Biscuits for Bartok 5 – Lunettes ( jammy dodgers?)

The ubiquitous and popular British biscuit the jammy dodger must surely have been inspired by the infinitely more decadent and elegant French ‘lunettes’. These traditionally oval-shaped sablé biscuits, two of which are sandwiched together, typically using raspberry jam, have with two distinctive jammy holes on top that give the traditional form its name. I read that these butter biscuits may originally date back to the Middle Ages in Italy where they were called ‘Milanais’

Despite my less traditional monocular jam aperture, round shape and un-fluted edge, these lunettes are a cut above the much-loved jammy dodger. The alluring sablé biscuit is similar to shortbread. The jam is ‘real’, although there appears to be some debate over whether seedless or seeded jams are preferable. I initially tried the recipe with seedless raspberry, but later used the same jam with seeds and found it to have much better depth of flavour and texture within – less runny too. Importantly for biscuit lovers, they are substantially bigger than our jammy dodgers, with a film of icing sugar dusted over to give their otherwise demure appearance an irresistible appeal (as if one would need much encouragement to eat these beauties).

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Although I have got into the rhythm of ensuring the musicians are supplied with biscuits on a weekly basis, my offerings are lagging behind in posts due to my other commitments. I have actually made seven offerings in this series of 10 biscuit-making recipes, alas, my drafts continue to accumulate. These include my posts about the recent Old Spot butchery, sausage and bacon production and an associated new gadget purchase – all to be accompanied with my inevitable butchery musical sound track.  Hope to cover this soon for discerning carnivores (and any fans of extreme music…).

To add to the malaise, sadly, I have had some food photography disasters of late.  The quality of the photographs of some of the dishes has been so poor (even for me) that they did not do the food justice and I could not possibly include the images in posts.  Unfortunately, this included a pretty splendid vegetarian Mexican banquet and a colourful and enticing dish of home made tagliatelle with mussels, fennel and parmesan. Never mind, onwards and upwards, good tasting food is paramount!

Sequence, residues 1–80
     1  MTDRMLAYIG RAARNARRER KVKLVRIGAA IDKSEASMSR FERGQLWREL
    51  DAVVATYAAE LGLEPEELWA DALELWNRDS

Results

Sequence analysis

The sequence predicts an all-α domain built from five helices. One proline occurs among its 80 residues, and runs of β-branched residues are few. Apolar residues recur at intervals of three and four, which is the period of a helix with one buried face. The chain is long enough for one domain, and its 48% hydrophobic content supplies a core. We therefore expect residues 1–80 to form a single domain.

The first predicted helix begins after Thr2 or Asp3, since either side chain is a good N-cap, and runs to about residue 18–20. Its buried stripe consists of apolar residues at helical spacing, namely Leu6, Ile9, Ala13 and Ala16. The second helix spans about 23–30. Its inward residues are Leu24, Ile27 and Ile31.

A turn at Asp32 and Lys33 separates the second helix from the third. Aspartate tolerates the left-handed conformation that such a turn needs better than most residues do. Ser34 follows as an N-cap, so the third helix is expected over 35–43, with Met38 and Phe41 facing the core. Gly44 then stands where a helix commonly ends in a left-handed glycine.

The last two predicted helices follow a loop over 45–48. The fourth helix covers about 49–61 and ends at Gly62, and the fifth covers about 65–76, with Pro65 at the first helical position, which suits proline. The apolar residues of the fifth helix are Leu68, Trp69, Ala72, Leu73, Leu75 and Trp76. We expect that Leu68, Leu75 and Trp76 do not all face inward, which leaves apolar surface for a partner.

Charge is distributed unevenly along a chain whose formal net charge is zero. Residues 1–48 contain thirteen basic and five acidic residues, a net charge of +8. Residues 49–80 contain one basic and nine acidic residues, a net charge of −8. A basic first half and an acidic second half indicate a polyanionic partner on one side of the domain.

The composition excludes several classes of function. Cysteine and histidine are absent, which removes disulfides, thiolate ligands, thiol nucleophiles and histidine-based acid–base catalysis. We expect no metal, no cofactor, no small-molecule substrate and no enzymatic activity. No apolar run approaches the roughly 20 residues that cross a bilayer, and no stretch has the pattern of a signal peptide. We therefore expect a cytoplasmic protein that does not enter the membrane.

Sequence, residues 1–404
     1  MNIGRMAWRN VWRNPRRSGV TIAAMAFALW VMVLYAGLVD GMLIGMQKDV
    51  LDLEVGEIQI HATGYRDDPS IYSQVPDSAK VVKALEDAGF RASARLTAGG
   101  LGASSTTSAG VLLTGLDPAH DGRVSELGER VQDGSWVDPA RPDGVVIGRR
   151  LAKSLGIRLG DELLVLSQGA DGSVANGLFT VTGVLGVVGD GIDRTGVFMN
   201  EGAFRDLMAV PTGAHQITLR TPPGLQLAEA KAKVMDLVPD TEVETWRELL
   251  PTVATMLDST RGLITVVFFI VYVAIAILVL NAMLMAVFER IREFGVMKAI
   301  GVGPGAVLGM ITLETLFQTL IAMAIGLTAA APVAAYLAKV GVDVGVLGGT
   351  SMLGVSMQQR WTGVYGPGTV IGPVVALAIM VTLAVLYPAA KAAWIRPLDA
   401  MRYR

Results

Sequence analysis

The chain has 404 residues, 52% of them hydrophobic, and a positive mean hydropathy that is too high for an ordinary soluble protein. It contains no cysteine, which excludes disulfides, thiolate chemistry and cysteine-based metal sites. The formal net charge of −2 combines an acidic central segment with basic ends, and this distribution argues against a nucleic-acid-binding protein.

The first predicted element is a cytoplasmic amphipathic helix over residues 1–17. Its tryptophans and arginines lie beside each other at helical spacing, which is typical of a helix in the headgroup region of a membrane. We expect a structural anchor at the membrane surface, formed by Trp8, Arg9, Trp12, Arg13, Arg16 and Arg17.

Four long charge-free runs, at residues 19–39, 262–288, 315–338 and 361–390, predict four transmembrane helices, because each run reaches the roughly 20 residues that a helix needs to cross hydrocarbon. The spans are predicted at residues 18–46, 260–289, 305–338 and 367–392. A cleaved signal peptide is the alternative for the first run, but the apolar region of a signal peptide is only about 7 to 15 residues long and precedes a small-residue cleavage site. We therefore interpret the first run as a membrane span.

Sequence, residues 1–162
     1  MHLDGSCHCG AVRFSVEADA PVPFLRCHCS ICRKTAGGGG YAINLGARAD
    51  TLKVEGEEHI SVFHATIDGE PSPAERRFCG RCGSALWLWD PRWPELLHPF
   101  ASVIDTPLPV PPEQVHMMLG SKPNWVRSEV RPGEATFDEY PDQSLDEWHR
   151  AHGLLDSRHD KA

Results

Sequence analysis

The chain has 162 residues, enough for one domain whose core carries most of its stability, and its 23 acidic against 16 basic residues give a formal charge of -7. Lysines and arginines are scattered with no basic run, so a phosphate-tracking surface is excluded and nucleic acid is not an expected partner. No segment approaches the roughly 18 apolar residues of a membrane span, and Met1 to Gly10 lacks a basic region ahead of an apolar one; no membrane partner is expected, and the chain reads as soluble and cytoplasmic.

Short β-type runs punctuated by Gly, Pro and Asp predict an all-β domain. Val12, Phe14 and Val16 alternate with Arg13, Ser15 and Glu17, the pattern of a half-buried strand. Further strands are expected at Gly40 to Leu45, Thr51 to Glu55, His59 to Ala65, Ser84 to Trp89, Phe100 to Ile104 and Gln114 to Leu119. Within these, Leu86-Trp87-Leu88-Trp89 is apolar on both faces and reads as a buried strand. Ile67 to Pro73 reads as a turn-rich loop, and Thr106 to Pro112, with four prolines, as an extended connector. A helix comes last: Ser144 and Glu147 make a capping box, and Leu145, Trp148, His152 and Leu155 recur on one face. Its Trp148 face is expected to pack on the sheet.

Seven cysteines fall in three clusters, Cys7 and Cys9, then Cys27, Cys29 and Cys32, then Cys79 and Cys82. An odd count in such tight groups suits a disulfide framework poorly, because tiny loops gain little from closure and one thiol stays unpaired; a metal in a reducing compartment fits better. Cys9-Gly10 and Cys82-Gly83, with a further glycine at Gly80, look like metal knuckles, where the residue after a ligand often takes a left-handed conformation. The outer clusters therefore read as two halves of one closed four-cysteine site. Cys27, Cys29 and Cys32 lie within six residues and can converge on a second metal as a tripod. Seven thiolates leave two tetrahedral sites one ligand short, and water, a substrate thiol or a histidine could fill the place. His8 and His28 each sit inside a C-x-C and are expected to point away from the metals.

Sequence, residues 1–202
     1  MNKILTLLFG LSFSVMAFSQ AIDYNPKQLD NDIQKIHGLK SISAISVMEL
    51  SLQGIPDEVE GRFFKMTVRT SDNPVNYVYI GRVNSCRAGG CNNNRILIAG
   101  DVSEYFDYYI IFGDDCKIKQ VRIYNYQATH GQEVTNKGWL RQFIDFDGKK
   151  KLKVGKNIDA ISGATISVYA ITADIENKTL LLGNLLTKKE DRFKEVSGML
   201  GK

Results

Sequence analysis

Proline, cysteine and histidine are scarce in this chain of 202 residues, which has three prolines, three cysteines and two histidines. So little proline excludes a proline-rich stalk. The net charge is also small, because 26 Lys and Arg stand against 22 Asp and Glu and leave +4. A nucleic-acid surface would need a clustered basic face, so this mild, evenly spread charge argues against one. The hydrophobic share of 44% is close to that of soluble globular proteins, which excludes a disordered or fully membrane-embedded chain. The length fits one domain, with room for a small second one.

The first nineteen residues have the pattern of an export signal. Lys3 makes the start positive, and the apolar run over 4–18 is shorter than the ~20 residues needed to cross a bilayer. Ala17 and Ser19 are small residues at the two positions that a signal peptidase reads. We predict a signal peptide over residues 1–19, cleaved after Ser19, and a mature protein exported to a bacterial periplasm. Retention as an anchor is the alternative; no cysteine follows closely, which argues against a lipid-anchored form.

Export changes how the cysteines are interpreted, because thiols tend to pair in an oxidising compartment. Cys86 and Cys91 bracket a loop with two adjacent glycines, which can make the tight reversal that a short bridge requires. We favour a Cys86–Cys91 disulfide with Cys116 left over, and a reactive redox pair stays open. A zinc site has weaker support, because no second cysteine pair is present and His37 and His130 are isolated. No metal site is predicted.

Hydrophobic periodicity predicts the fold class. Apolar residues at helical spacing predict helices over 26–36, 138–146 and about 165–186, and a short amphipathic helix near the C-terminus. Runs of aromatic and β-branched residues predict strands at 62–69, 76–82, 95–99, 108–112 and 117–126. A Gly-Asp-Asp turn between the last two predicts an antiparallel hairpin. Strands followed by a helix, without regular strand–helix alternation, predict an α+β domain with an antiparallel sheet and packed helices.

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This recipe is courtesy of Annie Bell. It makes about 14 lunettes. The biscuits can be made a few days in advance and sandwiched together with your jam of choice just before serving.  I prefer raspberry, The Man Named Sous, strawberry jam, but any jam could be used, depending on what floats your boat at the time – or what you have in the store cupboard.  I’m hopeful my raspberry crop will yield enough for my own jam this year.  Fingers crossed.


220g unsalted butter

120g icing sugar

zest of 1 lemon

2 medium egg yolks

300g plain flour

100g of jam of your choice


  • Cream the butter and sugar together in a food processor or food mixer, add the lemon zest, the egg yolks then flour to form a sticky dough.
  • Wrap in cling film, flatten into a block and chill for a few hours or overnight.
  • Preheat the oven to 160C and cover 2 baking sheets in silicone sheeting or parchment paper.
  • Roll out the dough on a lightly floured surface to a thickness of about 5 mm. Use an 8 cm cutter to make the biscuits and cut out a hole 2 cm wide with a cutter from the centre of half of them.
  • Place on the baking sheets slightly apart and bake for 10-12 minutes until just starting to colour.
  • Use a palette knife to loosen them, place on a baking tray and allow to cool.
  • Dust the tops with the holes in icing sugar, spread about 3/4 teaspoon of jam in the centre of the bottom biscuit and place the sugar-coated half on top.

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44 thoughts on “Biscuits for Bartok 5 – Lunettes ( jammy dodgers?)

      • I don’t think those outside the UK get the Jammy Dodger reference Tracey. ‘Lunettes’ is French for spectacles; is it because of the opening to see the jam do you think? Regards, Pete.

      • Yes Pete, traditionally the two jam apertures are named after specs. The monocular version I make isn’t so trad, but I have a limited range of cutters for the oval shape too. Re-Jammy Dodgers, you are right, they are quintessentially British – and Burton’s commercial effort. I haven’t alluded to that for the benefit of overseas readers, same happened with Maltesers! Maybe I should spell it like Burton’s too – Jammie 🙂 Thanks, T